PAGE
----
It is commonly acknowledged that the nervous system and the immune system, those most complex of networks, share attributes beyond their intricacy. Elements common to the two systems include memory, connectivity, flexibility and developmental selection of cellular composition by a rigorous process involving widespread programmed cell death. There is one salient difference: the cells of the immune system are predominantly in constant motion, while post-mitotic neurons and glia are largely fixed in place. Therefore, chemokines, initially characterized as leukocyte chemoattractants, have for the last one and one-half decades been intensely and productively studied in the contexts of inflammation, immunity and hematopoietic development.
Only recently have the two fields, neurobiology and immunology, displayed mutual interests in chemokines. This convergence of the two tribes of investigators was catalyzed by the finding that SDF-1 (now known as CXCL12) and its receptor, CXCR4, exerted significant and similar functions in development of both nervous and immune systems. Indeed CXCL12 and CXCR4 were required, in an uncannily similar fashion, for retention of pre-B lymphocytes at sites of maturation in the bone marrow and of neuronal progenitors in the external granule cell layer of the developing cerebellum. Recent reports indicate that chemoattraction of cerebellar granule cells through CXCR4 can be suppressed by reverse signaling initiated by binding of soluble eph receptors to transmembrane ephrin B, thereby establishing a link between chemokine action and a cardinal patterning system of the developing nervous system. As may be anticipated when a dam breaks, a massive influx of correlative observations in the nervous and immune systems is likely to ensue.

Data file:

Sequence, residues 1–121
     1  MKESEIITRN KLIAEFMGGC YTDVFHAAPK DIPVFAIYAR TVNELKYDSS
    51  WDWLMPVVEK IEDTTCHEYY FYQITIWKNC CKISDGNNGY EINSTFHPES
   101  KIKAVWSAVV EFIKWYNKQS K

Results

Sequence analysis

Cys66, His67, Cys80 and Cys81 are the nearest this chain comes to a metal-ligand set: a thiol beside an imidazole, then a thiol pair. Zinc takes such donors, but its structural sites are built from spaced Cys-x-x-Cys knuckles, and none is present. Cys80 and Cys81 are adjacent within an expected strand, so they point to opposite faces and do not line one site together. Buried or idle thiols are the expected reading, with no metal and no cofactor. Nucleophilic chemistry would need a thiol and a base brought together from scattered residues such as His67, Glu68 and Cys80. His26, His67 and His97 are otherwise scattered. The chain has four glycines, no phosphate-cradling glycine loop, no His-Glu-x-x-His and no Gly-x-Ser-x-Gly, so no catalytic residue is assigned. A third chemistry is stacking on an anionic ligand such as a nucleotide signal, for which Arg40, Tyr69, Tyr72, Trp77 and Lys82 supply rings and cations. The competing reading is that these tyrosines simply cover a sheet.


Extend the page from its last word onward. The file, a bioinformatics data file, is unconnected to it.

This volume represents the state of current knowledge. To this end, introductory material for both systems is provided. Basic and advanced 'chemokinology' are presented. The recipe for making a nervous system (both ingredients and instructions for preparation) is described, as are the roles of chemokines and their receptors in making an immune system. Given their importance and complexity, CXCL12/CXCR4 interactions are separately treated in varying contexts.
The field of 'neurobiology of chemokines' has not lain fallow during the last ten years. During much of this time the principal focus has been on neuroinflammation. Linking the immune and nervous systems are explanations of the functions of chemokines and their receptors for resident brain macrophages, the microglia, the unique cerebrovascular endothelium and angiogenesis.
Understanding human disease is the goal of much of this research. New discoveries are being made and reported at a gratifying rate. It is expected that this volume will promote the steady production and application of useful new knowledge in this developing field. It provides a unique single-source database for basic neurobiology highlighting the fundamental aspects of chemokines and discussing the relations of chemokine science to animal models and human disease.